This week another tragedy happened in the world. This time in Paris. The offices of satirical newspaper Charlie Hebdo were attacked by two men claiming to be avenging those who drew cartoons depicting the Prophet Mohammed (pbuh) in a negative way. Whenever something like this happens I hold my breathe and say, “please don’t let them say they’re Muslim,” sadly too often I’m wrong. We were gone all day Wednesday but when I flipped on CNN after seeing multiple references on Facebook the first thing I heard reported was along the lines of, “the men were heard speaking in perfect French and shouting Allah’u Akbar as they entered the building.” I heaved a heavy sigh.
Further coverage focused on those two words that have come to mean something sinister. It left me wondering just how far apart we (as people) are based on hearing these words. So I started to ask people what they thought.
What these words evoke is terrorists. I know it is not what they mean and it saddens me greatly for the Islamic religion and its sincere followers. But we are in a state of shock and mourning and to know the terrorists uttered these words during their bloody attack, makes it difficult for me to think of anything else…..
For me I have two main associations. I associate it with hearing it over and over in media and Hollywood movies of terrorists who say it before they commit some vile act (sad but true) and I associate it with prayer and spirituality, in going to mosque and hearing the imam go through prayers or hearing Azan in Muslim countries. Luckily unlike the average non-Muslim who sees a Hollywood movie, I know enough about Islam to know that association is not just unfair, it’s flat out wrong….
For me it is very positive. The Baha’i Faith originated in a Muslim country so growing up I was more familiar with Islamic culture than your average white American kid. We have a similar expression (“Allah-u-Abha” = God is most Glorious) that we use all the time – as a greeting, as a prayer – so for me Allah’u’Akbar is similar. I think it is tragic that such a beautiful expression has been associated with terror..
I must admit that it could sound scary to me as well at first, but it means God is Great, no? Christians have many more sayings like this (thank God, for example, so it shouldn’t be that different).
But, it’s very clear that to many people those words automatically mean something awful. I readily admit I was one of those people. Even after becoming Muslim I struggled when I would hear someone proclaim Allah’u Akbar. I cringed. I was so programmed to see it as something negative that I couldn’t see past the bias I had learned. One day, when we were visiting Fez, I was sitting by myself on top of the riad where we were staying. The adhan (call to prayer) began. This was nothing new, living in Morocco we hear it 5 times a day everyday but what was new was that I realized for the first time I relaxed when it began. The muzzein declaring God is Great, come to pray filled me with happiness and not fear. For Muslims the relationship with those words is something completely different.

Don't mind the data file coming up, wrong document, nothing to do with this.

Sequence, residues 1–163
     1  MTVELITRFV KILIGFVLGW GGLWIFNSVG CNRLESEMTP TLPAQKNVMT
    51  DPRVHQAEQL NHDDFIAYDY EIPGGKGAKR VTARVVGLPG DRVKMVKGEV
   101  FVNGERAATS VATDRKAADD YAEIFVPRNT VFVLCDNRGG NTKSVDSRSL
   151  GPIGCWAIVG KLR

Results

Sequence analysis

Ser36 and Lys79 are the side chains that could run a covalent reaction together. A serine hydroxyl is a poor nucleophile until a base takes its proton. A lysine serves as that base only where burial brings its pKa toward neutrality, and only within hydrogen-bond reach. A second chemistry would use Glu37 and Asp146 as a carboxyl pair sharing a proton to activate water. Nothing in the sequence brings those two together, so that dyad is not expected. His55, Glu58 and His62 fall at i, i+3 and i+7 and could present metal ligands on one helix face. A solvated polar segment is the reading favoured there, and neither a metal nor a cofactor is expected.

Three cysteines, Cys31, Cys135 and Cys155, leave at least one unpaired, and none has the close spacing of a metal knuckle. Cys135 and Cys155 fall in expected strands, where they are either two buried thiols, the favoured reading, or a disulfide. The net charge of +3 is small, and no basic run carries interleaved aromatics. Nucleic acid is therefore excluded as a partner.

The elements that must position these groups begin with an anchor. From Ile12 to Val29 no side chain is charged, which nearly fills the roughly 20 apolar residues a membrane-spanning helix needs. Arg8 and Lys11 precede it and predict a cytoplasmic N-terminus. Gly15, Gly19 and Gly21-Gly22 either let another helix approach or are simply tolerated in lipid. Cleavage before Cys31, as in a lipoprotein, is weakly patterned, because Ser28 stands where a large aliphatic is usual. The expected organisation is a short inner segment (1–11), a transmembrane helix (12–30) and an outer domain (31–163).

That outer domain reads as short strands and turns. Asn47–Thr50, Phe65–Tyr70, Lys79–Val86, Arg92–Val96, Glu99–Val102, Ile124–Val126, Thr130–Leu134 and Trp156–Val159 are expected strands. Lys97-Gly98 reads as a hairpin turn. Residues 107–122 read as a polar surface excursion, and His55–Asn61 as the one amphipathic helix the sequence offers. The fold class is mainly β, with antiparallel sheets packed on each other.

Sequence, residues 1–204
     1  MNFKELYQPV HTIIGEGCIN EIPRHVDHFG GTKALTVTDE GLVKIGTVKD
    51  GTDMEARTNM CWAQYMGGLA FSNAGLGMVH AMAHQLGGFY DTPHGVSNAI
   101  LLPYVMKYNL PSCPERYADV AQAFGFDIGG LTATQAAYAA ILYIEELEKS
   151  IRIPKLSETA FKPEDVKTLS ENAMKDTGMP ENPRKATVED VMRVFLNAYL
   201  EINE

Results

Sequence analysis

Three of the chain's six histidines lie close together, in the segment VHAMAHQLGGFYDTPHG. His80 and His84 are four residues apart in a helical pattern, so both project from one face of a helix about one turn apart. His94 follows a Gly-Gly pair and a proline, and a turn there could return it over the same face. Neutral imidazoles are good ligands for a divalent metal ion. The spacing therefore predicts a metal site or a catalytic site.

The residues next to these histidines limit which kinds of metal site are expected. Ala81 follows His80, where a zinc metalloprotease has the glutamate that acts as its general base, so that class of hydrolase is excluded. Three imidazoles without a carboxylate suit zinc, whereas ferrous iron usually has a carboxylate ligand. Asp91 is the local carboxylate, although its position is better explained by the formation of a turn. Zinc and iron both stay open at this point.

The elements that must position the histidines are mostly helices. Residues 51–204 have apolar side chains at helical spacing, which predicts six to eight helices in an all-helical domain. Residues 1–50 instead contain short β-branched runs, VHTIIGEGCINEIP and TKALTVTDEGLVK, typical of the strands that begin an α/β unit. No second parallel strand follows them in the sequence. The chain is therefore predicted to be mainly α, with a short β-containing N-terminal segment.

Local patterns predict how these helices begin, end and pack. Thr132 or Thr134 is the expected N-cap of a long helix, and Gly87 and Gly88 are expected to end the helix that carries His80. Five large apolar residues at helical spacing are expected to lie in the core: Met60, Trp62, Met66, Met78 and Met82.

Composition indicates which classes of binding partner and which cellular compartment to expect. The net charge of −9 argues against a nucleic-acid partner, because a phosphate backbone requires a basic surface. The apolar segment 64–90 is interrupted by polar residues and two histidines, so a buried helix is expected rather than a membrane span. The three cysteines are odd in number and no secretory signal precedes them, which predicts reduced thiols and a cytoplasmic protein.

I have grown up hearing it so lots of associations came to mind. One of the strongest is of my grandmother saying it when she used to move around because of her rheumatoid arthritis causing her pain, it’s something I often hear older people such as my mum-in-law saying for this reason. Another one is exasperated mums to their children, including me. Another example comes to mind from a few years ago is from a television report about a bombing in Iraq during the Iraq war and people trying to rescue loved ones from under rubble all yelling Allah’u Akbar. The reporter was struck enough by this to mention it and it made me realise the extent to which people resort to these words in times of difficulty. So sad that negative associations have come to be attached to it.
When I hear the words I feel relieved and humbled. I feel a sense of flawless protection.
When I hear the words Allah’u Akbar I remember Allah is greater than any problem or issue that is happening at that time and I feel relief.
When I hear Allah’u Akbar, I understand that for God nothing is impossible. He cures… He softens the hearts… He is the only One who has miracles. He is the only One who answers prayers.
Whenever I hear Allah’u Akbar or recite it myself, I feel as if I have submitted myself completely to Him and I am now in total protection of The Greatest and The Most Merciful… I feel contented and relaxed at heart and that feeling is beautiful!
When I hear Allahu Akbar, I know Allah is the greatest and feel humbled that I am a Muslim. I get goosebumps when the entire masjid says Allah’u Akbar at the same time, love the feeling, alhamdulillah!
It’s quite the contrast isn’t it? I haven’t been able to wrap my mind around how two words can have such completely different meanings. But this response is one of my favorites in trying to understand.
It reminds me of the crazies that call themselves “ISIS” In ancient Egypt, Isis was a benevolent and very respected Goddess (all the opposite of what these men are). When you use a symbol (such as a swastika) or a name to take away from the true origin or a word or symbol, to make it have an “evil connotation”, you lower the spirituality, you twist the mind of people to react to these things with fear and in doing so, make life difficult for the ones who see the Love and divine Guidance in them. You associate attributes, symbols and names of Love and Goodness, with Darkness, Fear and Murder. You cut the link between God and us.
My hope in sharing this is that you think twice about how you associate words, any two words but especially those that people hold sacred. Remember those that would use these words negatively not only create fear of them in you but take something from those of us who seek comfort and peace in them.
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